Los Angeles Electric Bus Maintenance Facility Master Plan and Feasibility Study

electric bus facility sketch

Los Angeles Electric Bus Maintenance Facility Master Plan and Feasibility Study

Transportation Plan to Lower Greenhouse Gas Emissions  

In pursuit of lower greenhouse gas emissions and cleaner air, the Los Angeles Department of Transportation is aiming for an all-electric bus fleet by 2030. New technology in that fleet means a new maintenance facility is also needed.

HDR’s operations and maintenance facility experts were brought on in fall 2019 to lead a conceptual site plan and feasibility study for a new electric bus maintenance facility for LADOT.

Charrette Process to Actively Customize Facility Design

The proposed multilevel facility would replace the current South Los Angeles Bus Maintenance Facility, and HDR began by assessing the current site to get a better understanding of LADOT’s specific needs. The new facility needs to house 130 DASH and Commuter Express buses, as well as charging equipment, maintenance facilities, office space, etc., all on a 5.5 acre lot.

As part of a comprehensive team, HDR worked side-by-side with stakeholders during a charrette workshop to actively modify design components, seeking to best fit LADOT’s needs for today and be set up for success in the ever-changing climate of electric technology. The charrette process took place over three days, during which LADOT administrators and experts could come in and out of the planning sessions as their schedules and expertise dictated. Each day ended with a formal presentation to receive feedback and pivot on design if needed. The team took into consideration many scenarios, eventually proposing three different concepts that provide LADOT a range of options within their identified budget.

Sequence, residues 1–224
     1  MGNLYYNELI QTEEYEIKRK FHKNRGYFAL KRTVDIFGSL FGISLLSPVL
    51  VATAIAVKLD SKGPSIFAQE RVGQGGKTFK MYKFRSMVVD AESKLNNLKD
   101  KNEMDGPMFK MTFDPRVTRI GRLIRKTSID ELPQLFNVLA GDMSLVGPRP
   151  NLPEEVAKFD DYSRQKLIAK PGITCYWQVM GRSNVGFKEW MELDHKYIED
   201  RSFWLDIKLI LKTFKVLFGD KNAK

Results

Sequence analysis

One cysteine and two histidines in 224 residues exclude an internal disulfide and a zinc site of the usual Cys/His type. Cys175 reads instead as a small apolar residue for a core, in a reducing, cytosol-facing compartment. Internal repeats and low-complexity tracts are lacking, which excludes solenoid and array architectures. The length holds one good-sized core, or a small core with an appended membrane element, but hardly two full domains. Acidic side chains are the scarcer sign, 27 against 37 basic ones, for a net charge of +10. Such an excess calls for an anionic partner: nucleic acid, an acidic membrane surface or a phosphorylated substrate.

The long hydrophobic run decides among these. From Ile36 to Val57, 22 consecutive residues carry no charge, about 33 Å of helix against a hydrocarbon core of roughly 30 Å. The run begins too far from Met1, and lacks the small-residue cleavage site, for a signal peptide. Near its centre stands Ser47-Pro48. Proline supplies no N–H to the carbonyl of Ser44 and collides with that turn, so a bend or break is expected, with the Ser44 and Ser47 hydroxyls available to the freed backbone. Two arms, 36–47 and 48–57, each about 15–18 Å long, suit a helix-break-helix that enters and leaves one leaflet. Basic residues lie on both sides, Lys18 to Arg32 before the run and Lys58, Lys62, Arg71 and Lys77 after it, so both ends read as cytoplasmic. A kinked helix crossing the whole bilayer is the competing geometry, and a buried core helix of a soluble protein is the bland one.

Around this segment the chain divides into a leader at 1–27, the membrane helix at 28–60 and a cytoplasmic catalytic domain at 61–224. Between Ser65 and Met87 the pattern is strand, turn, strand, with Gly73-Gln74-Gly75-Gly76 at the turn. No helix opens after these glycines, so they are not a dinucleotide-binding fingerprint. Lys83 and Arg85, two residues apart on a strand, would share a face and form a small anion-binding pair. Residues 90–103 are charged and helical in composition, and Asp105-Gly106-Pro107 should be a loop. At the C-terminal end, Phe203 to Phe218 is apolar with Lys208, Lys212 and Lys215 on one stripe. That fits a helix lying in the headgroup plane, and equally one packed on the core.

The master planning process included bus storage, parking, maintenance, best charging practices and equipment, office space and noise mitigation. An important aspect was efficiency and space use, finding the best way to organize operator offices, maintenance and storage within a contained site. A multilevel site proved to be the answer. HDR experts also identified substantial possible cost savings through the use of energy storage options that could access and store power during lower-demand times and offset the cost of charging vehicles during high-cost periods.

Quieter Buses, Happier Community

Converting to a better electric bus fleet not only makes strides to improve the environment but it will also improve the community on a daily basis. With an increased fleet of 130 buses, commuters can count on more reliable travel times and added routes, making more areas of the city accessible. In this case, more buses does not mean more noise, and better electric vehicles along with the design of the facility significantly reduce noise, making them more attractive to the surrounding neighborhood.

As part of a joint development, the planning also included concepts that allow for affordable housing atop the facility. The master plan included efforts to mitigate noise and to design a site that combined both functions but with separate entrances and operations.

We completed the study and design plan in January 2020.

electric bus facility sketch
Los Angeles Department of Transportation

Los Angeles, CA
United States